# Cloning an array with its content

I want to make a copy of an array, to modify the copy in-place, without affecting the original one. This code fails

a = [
'462664',
'669722',
'297288',
'796928',
'584497',
'357431'
]
b = a.clone
b.object_id == a.object_id # => false
a[1][2] = 'X'
a[1] #66X722
b[1] #66X722


The copy should be different than the object. Why does it act like if it were just a reference?

• They are two different objects if you use the inspect method it should show different values for memory allocated. Cloning copies the variables but not the objects they reference. – Brian Kunzig Jul 16 '15 at 13:26

You need to do a deep copy of your array.

Here is the way to do it

Marshal.load(Marshal.dump(a))


This is because you are cloning the array but not the elements inside. So the array object is different but the elements it contains are the same instances. You could, for example, also do a.each{|e| b << e.dup} for your case

• Thanks,I'll use that,but I thought that only symbols reference the same object,why do the strings a[1] and b[1] reference the same object? – Redouane Red Jul 16 '15 at 13:28
• Nice!!! I've tried with dup, clone and Array.new(a) and still change it, I think that ruby creates an array with pointers to each values. – Horacio Jul 16 '15 at 13:40
• In Ruby everything is an object, so the array contains references to the string and not the strings themselves. When you clone the array, references get copied, but the copies keep pointing to the original strings. – Nic Nilov Jul 16 '15 at 13:41
• @RedouaneRed the string a[1] is the same object as b[1]. I'm not sure I understand your concern about symbols, because symbols are immutable – jazzytomato Jul 16 '15 at 13:42
• I just meant that when you create 2 similar strings,you create 2 objects,but when you create 2 similar symbols,you only create 1,thanks @NicNilov for the explaination. – Redouane Red Jul 16 '15 at 13:47

Instead of calling clone on the array itself, you can call it on each of the array's elements using map:

b = a.map(&:clone)


This works in the example stated in the question, because you get a new instance for each element in the array.

• this is still not a deepcopy.. for ex: a = [[1, 2, [3, 4]]]; b = a.map(&:clone); a[0][2][0] = 'foo' will change b too – Sundeep May 26 '18 at 5:30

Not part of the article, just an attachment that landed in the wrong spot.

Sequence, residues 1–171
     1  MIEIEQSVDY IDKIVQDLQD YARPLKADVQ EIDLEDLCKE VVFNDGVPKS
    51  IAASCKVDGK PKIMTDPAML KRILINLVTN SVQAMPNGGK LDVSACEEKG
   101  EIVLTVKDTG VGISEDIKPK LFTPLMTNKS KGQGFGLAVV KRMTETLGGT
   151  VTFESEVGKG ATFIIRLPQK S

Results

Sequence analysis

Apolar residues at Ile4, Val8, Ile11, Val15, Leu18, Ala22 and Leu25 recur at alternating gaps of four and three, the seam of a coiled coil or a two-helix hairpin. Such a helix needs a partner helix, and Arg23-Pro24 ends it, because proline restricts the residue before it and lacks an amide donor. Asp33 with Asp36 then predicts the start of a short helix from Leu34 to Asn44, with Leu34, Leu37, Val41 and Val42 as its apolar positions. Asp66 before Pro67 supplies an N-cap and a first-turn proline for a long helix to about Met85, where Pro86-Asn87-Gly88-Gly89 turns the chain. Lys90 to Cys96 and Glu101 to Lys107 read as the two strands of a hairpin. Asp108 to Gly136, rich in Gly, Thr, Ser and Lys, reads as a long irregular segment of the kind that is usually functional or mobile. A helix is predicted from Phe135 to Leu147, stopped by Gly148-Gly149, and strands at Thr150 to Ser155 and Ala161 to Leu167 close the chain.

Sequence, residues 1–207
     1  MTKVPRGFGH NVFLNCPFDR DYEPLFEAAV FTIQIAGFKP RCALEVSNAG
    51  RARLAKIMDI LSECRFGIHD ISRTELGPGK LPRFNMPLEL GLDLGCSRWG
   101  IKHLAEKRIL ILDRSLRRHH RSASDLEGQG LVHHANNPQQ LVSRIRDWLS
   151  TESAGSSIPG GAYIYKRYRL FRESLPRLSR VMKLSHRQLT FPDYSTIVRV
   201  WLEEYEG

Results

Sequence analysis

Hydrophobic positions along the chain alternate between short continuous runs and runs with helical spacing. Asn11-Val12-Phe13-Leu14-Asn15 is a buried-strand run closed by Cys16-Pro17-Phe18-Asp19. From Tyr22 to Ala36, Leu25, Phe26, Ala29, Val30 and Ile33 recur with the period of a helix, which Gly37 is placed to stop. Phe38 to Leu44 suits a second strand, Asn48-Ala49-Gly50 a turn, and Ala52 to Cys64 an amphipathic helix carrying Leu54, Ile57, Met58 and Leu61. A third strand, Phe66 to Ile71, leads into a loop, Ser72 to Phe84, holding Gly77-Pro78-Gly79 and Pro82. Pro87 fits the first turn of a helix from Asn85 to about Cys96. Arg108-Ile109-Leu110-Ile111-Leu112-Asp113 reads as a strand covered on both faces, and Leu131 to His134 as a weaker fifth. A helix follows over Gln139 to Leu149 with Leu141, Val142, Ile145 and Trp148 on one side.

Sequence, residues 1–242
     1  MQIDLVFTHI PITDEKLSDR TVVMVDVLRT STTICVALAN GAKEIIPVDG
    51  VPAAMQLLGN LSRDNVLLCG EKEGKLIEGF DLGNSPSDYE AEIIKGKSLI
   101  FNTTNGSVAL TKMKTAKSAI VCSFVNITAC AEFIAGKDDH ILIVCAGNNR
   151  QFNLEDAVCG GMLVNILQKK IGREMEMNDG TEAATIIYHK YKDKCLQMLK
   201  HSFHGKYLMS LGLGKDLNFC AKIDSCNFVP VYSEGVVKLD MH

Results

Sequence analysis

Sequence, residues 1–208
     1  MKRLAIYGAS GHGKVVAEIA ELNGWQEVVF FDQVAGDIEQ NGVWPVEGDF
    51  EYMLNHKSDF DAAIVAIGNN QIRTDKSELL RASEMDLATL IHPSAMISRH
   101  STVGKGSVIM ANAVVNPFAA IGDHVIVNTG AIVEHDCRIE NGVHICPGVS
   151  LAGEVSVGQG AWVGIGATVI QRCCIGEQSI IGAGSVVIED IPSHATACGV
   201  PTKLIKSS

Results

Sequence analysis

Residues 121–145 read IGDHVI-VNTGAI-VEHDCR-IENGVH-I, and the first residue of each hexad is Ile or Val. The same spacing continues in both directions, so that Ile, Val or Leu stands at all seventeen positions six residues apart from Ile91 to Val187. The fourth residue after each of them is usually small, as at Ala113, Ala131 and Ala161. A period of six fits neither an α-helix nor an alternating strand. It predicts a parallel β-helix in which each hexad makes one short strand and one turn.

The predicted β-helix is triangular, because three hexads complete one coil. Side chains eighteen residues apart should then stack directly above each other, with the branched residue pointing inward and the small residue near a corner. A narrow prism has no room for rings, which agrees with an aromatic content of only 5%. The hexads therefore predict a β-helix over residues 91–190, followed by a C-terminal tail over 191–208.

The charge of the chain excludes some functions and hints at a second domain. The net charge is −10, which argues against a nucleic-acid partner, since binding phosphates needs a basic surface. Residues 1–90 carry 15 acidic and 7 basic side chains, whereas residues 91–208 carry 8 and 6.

• @Sundeep this question is about a simple array of objects, so a deep copy is not necessary. You can post your new example as a separate question to Stack Overflow if you would like it discussed in more detail. – wjordan May 26 '18 at 5:56
• yeah, for the given example in question, this works.. I should've mentioned my comment as fyi/note.. did not mean to say answer is wrong.. – Sundeep May 26 '18 at 6:12
• Indeed, if you this map(&:clone) approach instead of the clone approach as posted in the question, this will give the result that the OP was looking for. So indeed a valid answer. – Paul van Leeuwen May 7 at 18:38

Try this:

b = [] #create a new array
b.replace(a) #replace the content of array b with the content from array a


At this point, these two arrays are references to different objects and content are the same.

• this also doesn't do deepcopy... try with a = [[1, 2, [3, 4]]] – Sundeep May 26 '18 at 5:35
• What Sundeep said: if you do this replace approach instead of the clone approach as posted in the question you will get the exact same result. So this is just a different way to the same thing as the OP did (while he was clearly looking for a different result). – Paul van Leeuwen May 7 at 18:34

You can use #dup which creates a shallow copy of the object, meaning "the instance variables of object are copied, but not the objects they reference." For instance:

a = [1, 2, 3]

b = a.dup

b # => [1, 2, 3]


Edit: Listen to Paul below me. I misunderstood the question.

• -1 For this question dup and clone yield the exact same result as the OP got, so not really an answer to this question. For those who are now curious about the difference between dup and clone see stackoverflow.com/questions/10183370/… – Paul van Leeuwen May 7 at 18:45

Not sure , if this is answered anywhere else. Tried searching but no success.

Try this

current_array =["a", "b","c","d"]
new_array = current_array[0 .. current_array.length]
new_array[0] ="cool"

output of new_array
"cool","b","c","d"


Hope this helps.

• The solution works. Not sure if someone has already answered this , becaz, it may have escaped my search efforts, since couldn't find the solution after searching, Don't want to repeat if already answered. Hope this helps. – Anutosh Feb 13 '17 at 9:13
• You missed the trick here. You need to change one of the arrays and check if this change reflects to the other. – stema Mar 14 '18 at 15:13